Only 64.4 overs have been played in the first two days of the weather-hit contest which has a reserve day to make up for lost time
Skipper Virat Kohli led India’s revival and steered his team to 146/3 against New Zealand before bad light stopped play in the weather-marred World Test Championship final Saturday.
Kohli had raised 58 runs with Ajinkya Rahane when the players were forced off amid fading light at the Ageas Bowl with only 9.1 overs played in the final session.
The India captain, like several of his team mates, stood outside the crease to try to negate any swing and played the moving ball quite late for his unbeaten 44.
Rahane, batting on 29, looked cagey initially but gamely hung on to feature in India’s second 50-plus partnership.
After persistent rain washed out the entire opening day Friday, New Zealand skipper Kane Williamson unsurprisingly elected to field after winning the toss.
Under an overcast sky, India scored 69 runs but lost both their set openers in an evenly balanced morning session.
Rohit Sharma and Shubman Gill raised 62 runs for the opening partnership before Kyle Jamieson separated them with a delivery that swung late.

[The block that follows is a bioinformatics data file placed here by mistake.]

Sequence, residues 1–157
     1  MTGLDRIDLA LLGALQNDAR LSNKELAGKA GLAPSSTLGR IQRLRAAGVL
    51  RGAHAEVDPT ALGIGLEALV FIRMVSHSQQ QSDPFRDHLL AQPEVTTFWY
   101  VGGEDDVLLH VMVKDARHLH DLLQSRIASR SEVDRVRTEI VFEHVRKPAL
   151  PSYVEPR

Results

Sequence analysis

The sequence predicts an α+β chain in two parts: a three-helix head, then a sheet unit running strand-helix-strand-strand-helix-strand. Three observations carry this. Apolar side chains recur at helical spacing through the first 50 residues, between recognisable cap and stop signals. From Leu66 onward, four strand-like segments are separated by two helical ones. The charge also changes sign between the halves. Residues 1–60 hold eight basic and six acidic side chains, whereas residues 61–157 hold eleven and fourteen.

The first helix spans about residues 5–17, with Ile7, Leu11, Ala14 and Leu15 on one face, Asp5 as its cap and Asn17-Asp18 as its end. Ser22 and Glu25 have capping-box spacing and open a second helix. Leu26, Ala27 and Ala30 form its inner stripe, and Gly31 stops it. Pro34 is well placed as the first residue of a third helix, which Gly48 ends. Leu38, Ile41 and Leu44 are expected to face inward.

Rohit, having made a fluent 34, left his bat hanging and Tim Southee dived to his right to pouch the outside edge at third slip.
Neil Wagner was introduced late in the session and the left-arm quick struck with his third delivery, dismissing Gill caught behind for 28.
Cheteshwar Pujara took 36 balls to get off the mark and, like Gill earlier in the match, was smacked on the helmet grill by a rising delivery which sent his neck guard flying.
Pujara made eight before Boult swung one back in to trap him lbw.
Kohli and Rahane did not allow their concentration to lapse despite interruptions because of bad light, which also forced an early tea break.
Both teams stuck to their strengths with India picking both their spinners – Ravichandran Ashwin and Ravindra Jadeja – and New Zealand opting for an all-seam attack.
Only 64.4 overs have been played in the first two days of the weather-hit contest which has a reserve day to make up for lost time.
The one-off match marks the culmination of a two-year cycle of the inaugural WTC, launched in 2019 to create a pinnacle event for Test cricket.